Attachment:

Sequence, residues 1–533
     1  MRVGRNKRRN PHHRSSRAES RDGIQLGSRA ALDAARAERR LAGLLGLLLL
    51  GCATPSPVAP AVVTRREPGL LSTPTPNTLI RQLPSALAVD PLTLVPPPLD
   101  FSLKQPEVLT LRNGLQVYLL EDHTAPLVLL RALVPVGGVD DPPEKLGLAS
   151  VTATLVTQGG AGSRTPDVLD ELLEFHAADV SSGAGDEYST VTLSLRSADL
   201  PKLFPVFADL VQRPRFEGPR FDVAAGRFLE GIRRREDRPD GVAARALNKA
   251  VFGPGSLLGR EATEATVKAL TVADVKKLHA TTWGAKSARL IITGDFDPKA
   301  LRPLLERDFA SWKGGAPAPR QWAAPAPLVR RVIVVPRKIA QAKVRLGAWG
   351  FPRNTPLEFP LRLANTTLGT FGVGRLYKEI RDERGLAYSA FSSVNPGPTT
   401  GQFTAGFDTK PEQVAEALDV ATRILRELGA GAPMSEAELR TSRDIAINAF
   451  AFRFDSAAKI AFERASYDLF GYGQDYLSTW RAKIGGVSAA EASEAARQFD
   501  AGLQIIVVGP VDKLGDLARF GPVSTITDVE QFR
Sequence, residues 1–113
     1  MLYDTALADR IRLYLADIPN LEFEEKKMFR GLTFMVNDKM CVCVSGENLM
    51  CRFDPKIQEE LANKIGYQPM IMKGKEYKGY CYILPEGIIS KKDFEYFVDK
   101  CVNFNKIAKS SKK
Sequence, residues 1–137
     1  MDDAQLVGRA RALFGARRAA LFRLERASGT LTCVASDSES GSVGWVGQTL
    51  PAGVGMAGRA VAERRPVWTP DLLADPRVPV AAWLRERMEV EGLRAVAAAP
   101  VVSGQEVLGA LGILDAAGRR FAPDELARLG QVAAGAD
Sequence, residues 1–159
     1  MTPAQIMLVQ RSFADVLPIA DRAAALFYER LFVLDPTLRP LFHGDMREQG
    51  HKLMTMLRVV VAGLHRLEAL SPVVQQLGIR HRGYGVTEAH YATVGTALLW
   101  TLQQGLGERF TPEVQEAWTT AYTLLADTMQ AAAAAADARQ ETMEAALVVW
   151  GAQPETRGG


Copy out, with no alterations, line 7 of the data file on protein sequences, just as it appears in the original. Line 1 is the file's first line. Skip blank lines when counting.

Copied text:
   251  VFGPGSLLGR EATEATVKAL TVADVKKLHA TTWGAKSARL IITGDFDPKA